I’ve been searching for them for five springs, ever since I moved to Colorado—the calypso orchid (Calypso bulbosa or Calypso borealis), also known as fairy slipper orchid. I know where to look: shaded, moist ground under pine trees. Mossy surroundings. Close to coralroot orchids. But every time I hit the right trail, it was the wrong time, either too soon after snowmelt or too late.
Yesterday on the solstice I hit it right: the Ceran St. Vrain Trail, next to the South St. Vrain Creek. Entrance is off Overland Road in the Roosevelt National Forest. There they were, about a mile in from the trailhead, just entering their full bloom. A few groups are visible from the trail, but this one was my favorite:
Calypsos and I have a history together. I learned to know them when I lived in northern California, where they appear every spring on Mt. Tamalpais, just north of the Bay Area. Best of all, they bloom on and around the spring equinox, which most years means right on my birthday. So every spring for more than a decade I made a birthday trek to Mt. Tam to say hello to these beauties. The perfect birthday for me was to pick up a gourmet sandwich on rosemary focaccia in town then drive an hour to Mt. Tam and wander through the forest all day. I organized hikes and dragged friends out to see them. Everyone knew I loved calypsos.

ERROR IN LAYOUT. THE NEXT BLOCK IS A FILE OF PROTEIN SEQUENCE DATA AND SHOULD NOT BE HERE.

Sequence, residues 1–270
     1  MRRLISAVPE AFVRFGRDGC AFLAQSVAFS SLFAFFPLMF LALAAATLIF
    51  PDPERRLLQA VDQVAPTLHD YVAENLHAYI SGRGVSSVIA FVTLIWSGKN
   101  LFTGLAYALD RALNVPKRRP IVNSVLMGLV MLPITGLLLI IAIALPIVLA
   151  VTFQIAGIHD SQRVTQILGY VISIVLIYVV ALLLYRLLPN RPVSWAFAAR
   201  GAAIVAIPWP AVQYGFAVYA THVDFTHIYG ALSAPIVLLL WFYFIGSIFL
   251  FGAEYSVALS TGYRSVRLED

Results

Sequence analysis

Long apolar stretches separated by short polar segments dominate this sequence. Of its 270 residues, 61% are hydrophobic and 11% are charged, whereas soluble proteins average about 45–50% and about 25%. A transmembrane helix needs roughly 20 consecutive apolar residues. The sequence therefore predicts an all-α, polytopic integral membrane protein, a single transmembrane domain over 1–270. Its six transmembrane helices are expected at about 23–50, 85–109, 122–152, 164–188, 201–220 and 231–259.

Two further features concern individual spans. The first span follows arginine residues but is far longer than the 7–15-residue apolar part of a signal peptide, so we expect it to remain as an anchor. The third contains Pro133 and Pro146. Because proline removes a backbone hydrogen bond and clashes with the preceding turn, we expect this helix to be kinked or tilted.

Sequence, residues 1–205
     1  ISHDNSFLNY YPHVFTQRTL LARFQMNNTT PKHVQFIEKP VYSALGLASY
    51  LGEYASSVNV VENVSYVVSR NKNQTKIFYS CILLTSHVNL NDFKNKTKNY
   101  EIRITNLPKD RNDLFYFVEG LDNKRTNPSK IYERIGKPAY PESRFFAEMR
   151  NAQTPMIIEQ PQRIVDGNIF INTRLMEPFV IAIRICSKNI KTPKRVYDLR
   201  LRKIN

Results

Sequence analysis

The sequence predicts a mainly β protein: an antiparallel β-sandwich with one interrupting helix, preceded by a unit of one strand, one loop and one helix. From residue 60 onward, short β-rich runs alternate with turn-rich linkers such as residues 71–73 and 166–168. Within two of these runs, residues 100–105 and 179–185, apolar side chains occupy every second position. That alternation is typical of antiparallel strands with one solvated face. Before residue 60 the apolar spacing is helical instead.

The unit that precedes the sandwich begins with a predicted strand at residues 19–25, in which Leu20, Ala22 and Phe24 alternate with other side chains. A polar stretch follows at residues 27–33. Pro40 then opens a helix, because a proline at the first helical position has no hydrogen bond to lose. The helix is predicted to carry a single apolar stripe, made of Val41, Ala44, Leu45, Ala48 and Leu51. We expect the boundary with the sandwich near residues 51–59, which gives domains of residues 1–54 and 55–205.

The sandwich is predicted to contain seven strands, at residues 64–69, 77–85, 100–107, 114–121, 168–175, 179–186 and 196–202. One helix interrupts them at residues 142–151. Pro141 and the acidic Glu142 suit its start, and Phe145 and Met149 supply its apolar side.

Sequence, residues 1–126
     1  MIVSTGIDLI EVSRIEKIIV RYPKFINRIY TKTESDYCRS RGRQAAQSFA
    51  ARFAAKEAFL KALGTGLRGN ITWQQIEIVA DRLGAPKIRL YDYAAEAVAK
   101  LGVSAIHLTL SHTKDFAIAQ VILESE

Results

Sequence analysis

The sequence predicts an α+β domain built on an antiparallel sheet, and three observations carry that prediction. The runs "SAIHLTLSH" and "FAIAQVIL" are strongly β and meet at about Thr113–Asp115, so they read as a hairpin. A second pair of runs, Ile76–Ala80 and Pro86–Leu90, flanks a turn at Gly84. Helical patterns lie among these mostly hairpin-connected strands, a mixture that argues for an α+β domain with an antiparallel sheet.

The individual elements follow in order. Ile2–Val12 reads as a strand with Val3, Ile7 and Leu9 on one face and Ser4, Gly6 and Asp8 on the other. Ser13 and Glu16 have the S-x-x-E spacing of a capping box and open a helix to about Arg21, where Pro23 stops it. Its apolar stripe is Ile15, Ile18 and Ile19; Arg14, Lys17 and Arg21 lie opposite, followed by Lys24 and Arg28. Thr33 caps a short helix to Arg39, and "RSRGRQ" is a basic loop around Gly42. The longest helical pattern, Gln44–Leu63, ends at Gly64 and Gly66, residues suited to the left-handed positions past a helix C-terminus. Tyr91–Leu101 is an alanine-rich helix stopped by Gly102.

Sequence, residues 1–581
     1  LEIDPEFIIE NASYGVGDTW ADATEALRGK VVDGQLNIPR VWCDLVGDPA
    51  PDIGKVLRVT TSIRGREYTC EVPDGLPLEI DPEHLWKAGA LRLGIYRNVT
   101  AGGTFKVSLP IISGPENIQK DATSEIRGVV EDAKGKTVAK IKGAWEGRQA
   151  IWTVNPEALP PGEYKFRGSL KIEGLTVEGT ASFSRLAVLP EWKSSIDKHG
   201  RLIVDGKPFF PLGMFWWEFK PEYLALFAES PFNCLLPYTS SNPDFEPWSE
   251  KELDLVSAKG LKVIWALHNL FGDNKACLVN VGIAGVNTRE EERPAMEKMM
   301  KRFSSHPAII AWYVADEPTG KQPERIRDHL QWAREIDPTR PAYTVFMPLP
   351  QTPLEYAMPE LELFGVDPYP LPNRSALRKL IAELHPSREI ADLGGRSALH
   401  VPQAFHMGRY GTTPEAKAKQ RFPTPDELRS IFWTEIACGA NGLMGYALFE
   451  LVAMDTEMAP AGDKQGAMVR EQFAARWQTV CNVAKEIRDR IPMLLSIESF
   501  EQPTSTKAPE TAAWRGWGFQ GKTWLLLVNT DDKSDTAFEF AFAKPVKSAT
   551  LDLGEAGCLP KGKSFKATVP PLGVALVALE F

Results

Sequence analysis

The calypso orchids are only about four inches tall and can easily be overlooked. Each stem has one flat leaf near ground level. I notice some differences from the ones I knew in California: The leaf here does not hug the ground quite as closely, and the front pocket of the orchid flower wears a different pattern of spots and colors. The Colorado variety looks a bit more delicate than its California cousins—a lighter shade of lavender, a smaller stem. They are truly a prize among orchids, not to be missed.
Another place to find them is the Calypso Cascades in Rocky Mountain National Park, accessible from the Wild Basin entrance, and a friend just told me she found them near Lyons, along the Lion Gulch Trail. More trails to explore!
The orchids bloom fairly soon after the snowmelt. Along the Ceran St. Vrain, at 8300 feet, it is often near the summer solstice. Looks like I’ll be enjoying a new summer tradition!
Update July 20: I just found out that the fairy slipper orchid was a favorite of John Muir, and his first published writing was on discovering it in Ontario. Here is his later elaboration of that story.